DSC_0860DSC_0983DSC_0982DSC_0974DSC_0914DSC_0941DSC_0943DSC_0948DSC_0949DSC_0963Each canoe asked permission from the Muckleshoot Tribe, hosts for this part of the journey. Women of the Muckleshoots then spoke to each canoe in turn, speaking in their language and beating a small drum.

Muckleshoots welcoming the canoes
Muckleshoots welcoming the canoes

As each canoe was welcomed, the paddlers pulled it ashore and carried it up onto the land for the night. Men, women and teens helped shoulder the load. The authentic dugout canoes looked pretty heavy!

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The participants welcomed outsiders to witness their journey, admire their canoes and chat with them. I met a woman who came from Neah Bay, all the way at the western tip of the state. I had visited Neah Bay years ago, and recalled its beauty and wonderful smoked salmon!

DSC_0970DSC_0933I enjoyed checking out their canoes, many with native paintings and words. Some paddles also had native art, and many canoes flew flags of their tribes.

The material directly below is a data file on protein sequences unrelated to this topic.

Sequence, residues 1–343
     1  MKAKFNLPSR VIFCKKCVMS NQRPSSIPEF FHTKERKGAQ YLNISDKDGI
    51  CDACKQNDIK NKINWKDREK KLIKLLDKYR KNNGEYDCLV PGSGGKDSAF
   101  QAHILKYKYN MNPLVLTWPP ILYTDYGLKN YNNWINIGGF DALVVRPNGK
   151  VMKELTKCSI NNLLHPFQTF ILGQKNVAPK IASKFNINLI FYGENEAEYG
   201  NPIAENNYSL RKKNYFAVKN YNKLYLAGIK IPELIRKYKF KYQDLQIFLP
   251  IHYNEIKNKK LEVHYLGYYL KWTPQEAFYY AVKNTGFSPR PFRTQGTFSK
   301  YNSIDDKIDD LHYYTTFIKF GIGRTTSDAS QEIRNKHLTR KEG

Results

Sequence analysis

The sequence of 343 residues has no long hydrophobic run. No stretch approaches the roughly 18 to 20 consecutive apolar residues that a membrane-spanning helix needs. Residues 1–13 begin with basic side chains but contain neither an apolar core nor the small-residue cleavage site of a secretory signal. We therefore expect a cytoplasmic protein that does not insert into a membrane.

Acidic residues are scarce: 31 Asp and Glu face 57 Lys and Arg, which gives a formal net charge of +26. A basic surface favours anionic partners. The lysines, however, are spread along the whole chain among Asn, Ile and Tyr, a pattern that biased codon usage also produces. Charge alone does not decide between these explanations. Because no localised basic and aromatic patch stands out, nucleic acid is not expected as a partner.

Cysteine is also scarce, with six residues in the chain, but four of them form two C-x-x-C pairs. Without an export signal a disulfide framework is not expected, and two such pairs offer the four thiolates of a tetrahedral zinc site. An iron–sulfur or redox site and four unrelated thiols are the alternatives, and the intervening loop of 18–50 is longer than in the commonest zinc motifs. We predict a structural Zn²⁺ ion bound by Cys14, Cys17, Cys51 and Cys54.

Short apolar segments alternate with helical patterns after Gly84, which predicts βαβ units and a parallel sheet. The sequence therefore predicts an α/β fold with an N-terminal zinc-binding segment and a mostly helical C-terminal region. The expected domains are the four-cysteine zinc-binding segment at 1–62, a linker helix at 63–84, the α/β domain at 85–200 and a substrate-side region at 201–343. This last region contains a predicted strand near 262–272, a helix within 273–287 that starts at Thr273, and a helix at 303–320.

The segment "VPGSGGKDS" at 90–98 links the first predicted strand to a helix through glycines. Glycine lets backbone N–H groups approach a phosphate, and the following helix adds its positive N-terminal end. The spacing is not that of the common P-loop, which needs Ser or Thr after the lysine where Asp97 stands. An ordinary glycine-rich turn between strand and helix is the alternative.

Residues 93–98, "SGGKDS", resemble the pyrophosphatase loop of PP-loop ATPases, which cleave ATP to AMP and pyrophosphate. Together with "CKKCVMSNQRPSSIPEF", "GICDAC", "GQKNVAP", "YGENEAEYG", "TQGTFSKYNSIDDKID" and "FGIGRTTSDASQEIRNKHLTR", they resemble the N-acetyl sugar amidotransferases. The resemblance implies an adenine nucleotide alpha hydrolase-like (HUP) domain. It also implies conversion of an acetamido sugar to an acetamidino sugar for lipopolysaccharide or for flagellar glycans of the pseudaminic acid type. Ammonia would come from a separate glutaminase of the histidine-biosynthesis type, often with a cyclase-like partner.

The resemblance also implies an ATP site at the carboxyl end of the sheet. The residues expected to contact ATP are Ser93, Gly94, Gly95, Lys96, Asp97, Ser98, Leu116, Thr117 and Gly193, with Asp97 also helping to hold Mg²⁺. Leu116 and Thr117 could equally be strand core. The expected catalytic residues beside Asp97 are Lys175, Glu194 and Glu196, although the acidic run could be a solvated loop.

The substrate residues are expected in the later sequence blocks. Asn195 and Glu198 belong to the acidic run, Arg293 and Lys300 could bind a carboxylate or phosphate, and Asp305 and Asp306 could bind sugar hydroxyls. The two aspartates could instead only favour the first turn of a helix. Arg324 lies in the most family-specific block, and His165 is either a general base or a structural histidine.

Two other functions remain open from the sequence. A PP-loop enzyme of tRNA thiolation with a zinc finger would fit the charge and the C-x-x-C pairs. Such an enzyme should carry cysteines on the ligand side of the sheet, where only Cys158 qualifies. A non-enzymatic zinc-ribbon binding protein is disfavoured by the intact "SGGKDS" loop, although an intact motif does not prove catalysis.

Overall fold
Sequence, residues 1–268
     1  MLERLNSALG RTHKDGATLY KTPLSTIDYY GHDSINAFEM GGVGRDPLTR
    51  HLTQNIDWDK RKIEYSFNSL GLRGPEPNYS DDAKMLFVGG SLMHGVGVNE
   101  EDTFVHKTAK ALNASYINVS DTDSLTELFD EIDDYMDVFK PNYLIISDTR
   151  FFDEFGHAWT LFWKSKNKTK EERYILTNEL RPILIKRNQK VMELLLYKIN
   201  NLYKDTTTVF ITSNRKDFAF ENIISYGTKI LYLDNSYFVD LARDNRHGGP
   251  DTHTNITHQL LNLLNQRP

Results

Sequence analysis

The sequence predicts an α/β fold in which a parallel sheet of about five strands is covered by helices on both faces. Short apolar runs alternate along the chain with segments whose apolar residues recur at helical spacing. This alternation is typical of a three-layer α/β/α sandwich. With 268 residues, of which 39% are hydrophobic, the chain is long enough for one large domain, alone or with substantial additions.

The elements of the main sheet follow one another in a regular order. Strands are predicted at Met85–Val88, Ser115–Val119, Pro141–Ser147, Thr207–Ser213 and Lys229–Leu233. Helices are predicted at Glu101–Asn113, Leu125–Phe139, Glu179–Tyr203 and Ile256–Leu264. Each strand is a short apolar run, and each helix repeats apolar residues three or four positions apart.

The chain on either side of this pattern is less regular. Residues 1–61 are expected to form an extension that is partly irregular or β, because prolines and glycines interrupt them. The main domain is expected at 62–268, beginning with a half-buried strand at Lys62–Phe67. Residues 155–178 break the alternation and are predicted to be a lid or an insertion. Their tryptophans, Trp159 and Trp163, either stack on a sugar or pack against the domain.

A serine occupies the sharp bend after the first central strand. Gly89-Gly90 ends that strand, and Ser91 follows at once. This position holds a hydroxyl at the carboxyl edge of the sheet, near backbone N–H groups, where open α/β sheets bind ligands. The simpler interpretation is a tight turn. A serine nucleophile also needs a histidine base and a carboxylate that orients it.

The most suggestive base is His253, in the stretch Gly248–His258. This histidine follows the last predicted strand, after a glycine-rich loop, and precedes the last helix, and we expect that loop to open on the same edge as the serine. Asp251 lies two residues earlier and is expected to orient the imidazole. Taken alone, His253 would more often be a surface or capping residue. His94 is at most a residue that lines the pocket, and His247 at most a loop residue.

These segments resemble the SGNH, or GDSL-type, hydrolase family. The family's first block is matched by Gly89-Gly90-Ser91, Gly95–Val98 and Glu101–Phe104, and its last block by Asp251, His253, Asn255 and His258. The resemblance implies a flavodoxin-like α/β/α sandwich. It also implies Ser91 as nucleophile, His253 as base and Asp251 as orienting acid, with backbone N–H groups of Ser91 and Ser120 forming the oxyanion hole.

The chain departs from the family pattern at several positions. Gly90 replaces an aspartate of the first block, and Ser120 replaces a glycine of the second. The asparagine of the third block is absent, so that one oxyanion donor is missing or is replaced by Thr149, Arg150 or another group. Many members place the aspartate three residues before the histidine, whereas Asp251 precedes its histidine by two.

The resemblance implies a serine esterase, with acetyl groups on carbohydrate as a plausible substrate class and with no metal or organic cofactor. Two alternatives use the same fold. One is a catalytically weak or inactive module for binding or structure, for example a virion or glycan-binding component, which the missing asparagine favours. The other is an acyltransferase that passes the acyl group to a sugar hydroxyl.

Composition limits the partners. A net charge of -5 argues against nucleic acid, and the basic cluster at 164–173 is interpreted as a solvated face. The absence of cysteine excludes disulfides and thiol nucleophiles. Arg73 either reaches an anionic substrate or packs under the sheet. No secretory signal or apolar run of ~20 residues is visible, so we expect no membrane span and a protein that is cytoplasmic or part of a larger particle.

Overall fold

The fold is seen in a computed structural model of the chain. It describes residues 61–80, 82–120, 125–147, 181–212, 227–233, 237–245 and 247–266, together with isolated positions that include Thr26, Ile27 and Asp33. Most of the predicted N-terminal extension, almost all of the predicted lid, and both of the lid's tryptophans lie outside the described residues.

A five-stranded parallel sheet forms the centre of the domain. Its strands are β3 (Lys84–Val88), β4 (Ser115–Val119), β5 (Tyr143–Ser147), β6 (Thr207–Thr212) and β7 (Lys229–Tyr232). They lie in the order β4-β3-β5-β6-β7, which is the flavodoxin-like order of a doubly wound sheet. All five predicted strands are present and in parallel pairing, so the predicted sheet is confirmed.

woman tattoo (1 of 1)It was inspirational to see such a large group of people, coming together to celebrate and strengthen their cultures and community, and in many cases to restore their own well-being along the way.

chehalis (1 of 1)I hope the rest of their journey was peaceful.

 

 

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February

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Fog

Fog can form when cold air moves over warmer ground. Gray foggy mornings have been with us now and then in Seattle.  Despite popular belief, it’s not foggy or rainy all the time here, especially in winter. But this is our wet season. No snow so far, only intermittent light rain. We go back and forth between rain and sun breaks, foggy mornings and sunny afternoons. Days average in the 50s, with some near 60.  There’s been a real dearth of snow in the mountains this year and skiing is not good or nonexistent. I frequently go out  in a sweatshirt. This  is winter?

The plants have taken notice of the warm winter too.  I see leaf buds greening on the Spirea, which seems early to me. The winter bloomers — Hellebores, Daphne and Sarcococca have been out on cue, but the Brunnera seems outright crazy to be putting out tiny flowers already. That’s about two months early.  Maybe it’s a sign that I can start my vegetable garden earlier this year!

DSC_0458 Winter afternoon

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DSC_0440 - CopyOrange-crowned Warbler